The extraordinary life of mathematician, Maria Gaetana Agnesi, left an indelible mathematical and spiritual mark on the people of her day, which continues to resonate as long as her memory is shared by lovers of math history and humanity. Known as the “oracle of the seven tongues” by the age of nine due to her vast knowledge of various languages, the child prodigy would grow up to be one of the most influential figures of the 18th century, devoting her life to the service of others and the rights of women.
- first female mathematics professor at a university
- wrote the first book discussing both differential and integral calculus
- appointed as honorary reader and chair of mathematics at the University of Bologna by Pope Benedict XIV
- devoted the last four decades of her life to helping the poor, charitable work, and studying theology
Maria was born in Milan on May 16, 1718. The eldest of 21 children, her father was wealthy Italian businessman and mathematician named Pietro Agnesi. She was very shy and reserved, but would display her many talents for distinguished guests at the request of her father.
When she was only nine years old, Maria composed, published, and delivered an hour-long discourse in Latin defending equal educational rights for women to some of the most prestigious intellectuals of the day.
At age 20, she published Propositiones Philosophicae, a collection of complex essays based on the vast intellectual discussions on mathematics, natural science, and philosophy which took place throughout the years at the Agnesi home. Many of these essays reaffirmed Maria’s stance on women’s right to education, a topic that was still up for debate at the time.
Maria’s father would not allow her to pursue her dream of becoming a nun, so she devoted much of her time to the study of mathematics. Her interest in math was reaffirmed after reading Marquis Guillaume de l’Hôpital, the first systematic exposition of differential calculus, in her early 20s.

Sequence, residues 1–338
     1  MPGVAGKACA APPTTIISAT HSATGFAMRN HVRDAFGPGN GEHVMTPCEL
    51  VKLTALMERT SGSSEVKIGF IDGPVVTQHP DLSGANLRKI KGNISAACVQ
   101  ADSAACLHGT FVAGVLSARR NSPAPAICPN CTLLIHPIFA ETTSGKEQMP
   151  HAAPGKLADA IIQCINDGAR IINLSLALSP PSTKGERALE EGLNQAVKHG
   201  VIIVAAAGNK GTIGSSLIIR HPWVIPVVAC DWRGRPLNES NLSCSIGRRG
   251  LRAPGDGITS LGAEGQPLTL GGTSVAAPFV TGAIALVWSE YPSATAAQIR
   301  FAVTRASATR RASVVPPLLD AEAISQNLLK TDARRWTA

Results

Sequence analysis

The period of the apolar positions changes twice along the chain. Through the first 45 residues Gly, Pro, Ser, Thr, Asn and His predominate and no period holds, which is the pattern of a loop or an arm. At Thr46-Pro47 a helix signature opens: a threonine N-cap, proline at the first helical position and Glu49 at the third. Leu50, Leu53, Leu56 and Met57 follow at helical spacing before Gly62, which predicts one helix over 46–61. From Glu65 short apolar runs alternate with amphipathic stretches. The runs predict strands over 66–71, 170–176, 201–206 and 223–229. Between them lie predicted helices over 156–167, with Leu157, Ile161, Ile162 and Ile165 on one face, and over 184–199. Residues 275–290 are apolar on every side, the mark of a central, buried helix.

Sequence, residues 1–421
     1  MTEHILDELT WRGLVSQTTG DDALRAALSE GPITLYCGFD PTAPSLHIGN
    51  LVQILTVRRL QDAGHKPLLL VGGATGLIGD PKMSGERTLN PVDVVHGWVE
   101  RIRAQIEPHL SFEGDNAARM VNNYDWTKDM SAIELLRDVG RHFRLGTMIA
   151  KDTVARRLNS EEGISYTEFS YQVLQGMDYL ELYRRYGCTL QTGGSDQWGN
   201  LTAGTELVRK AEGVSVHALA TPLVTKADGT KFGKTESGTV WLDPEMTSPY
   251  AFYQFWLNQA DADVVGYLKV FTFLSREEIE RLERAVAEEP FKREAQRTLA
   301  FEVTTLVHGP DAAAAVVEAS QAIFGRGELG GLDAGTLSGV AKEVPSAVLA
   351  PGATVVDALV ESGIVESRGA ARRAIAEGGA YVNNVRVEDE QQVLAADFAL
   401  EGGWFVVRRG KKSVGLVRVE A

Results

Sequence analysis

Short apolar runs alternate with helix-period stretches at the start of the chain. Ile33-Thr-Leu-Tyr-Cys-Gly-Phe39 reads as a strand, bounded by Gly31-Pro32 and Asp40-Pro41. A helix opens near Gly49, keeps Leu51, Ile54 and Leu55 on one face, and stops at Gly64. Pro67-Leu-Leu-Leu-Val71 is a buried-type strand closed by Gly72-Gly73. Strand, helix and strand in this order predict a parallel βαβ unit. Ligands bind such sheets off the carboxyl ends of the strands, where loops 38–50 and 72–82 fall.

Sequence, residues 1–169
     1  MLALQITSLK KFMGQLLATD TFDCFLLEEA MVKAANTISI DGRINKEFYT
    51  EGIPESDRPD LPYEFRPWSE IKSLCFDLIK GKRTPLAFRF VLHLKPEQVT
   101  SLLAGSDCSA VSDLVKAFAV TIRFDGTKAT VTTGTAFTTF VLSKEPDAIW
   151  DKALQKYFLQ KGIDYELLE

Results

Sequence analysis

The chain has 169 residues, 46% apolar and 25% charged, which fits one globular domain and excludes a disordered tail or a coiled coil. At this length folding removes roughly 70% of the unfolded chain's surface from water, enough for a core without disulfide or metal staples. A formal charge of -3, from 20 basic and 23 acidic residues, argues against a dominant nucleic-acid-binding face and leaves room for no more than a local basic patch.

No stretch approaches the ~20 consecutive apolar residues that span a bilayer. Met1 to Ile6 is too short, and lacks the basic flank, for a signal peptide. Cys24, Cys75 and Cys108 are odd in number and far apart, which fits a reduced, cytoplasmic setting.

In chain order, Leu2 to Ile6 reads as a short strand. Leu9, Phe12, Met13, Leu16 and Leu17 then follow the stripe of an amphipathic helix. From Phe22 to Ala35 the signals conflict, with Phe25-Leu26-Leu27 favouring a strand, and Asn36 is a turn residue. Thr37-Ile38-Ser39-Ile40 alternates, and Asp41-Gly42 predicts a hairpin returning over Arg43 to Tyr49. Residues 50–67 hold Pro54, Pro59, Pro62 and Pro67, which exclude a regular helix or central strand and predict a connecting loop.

The “Witch of Agnesi”
What began as a textbook aimed at teaching math to her brothers, Agnesi soon turned it into one of the most important mathematical instructional texts of the time. Analytical Institutions covered differential and integral calculus and was one of the first and most comprehensive works on finite and infinitesimal analysis.
Analytical Institutions was clear summary of the state of knowledge in mathematical analysis and held as the standard in math instruction due to it’s clarity, most likely in part from being meant as a teaching tool for her young siblings.
The versed sine curve Agnesi became known for was due to an error of translation. In Analytical Institutions, she defines the curve as a versiera, a word derived from the Latin vertere (meaning ‘to turn’), but the translation to English was mistaken for an abbreviation of the Italian word avversiera, meaning ‘the wife of the devil.’ The curve became known as the “Witch of Agnesi” and the rest was history.
Helping Poor and Sick Women
Following the death of her father in 1752, Maria gave up her career in mathematics and her esteemed teaching position, instead devoting her life to helping others. Agnesi became the head of the Pio Instituto Trivulzo, a home for poor and homeless sick people, especially women. She continued her humanitarian work at the home until her own death in 1799.
It’s clear that Maria Agnesi was a mathematical genius, but what truly defined her as a person is her unwavering dedication to helping those in need. She should be remembered as one of the great math teachers and humanitarians of all time.
Above is a page excerpt from the 1801 translation of “Analytical Institutions” by John Colson, mistakenly translating the curve as a witch.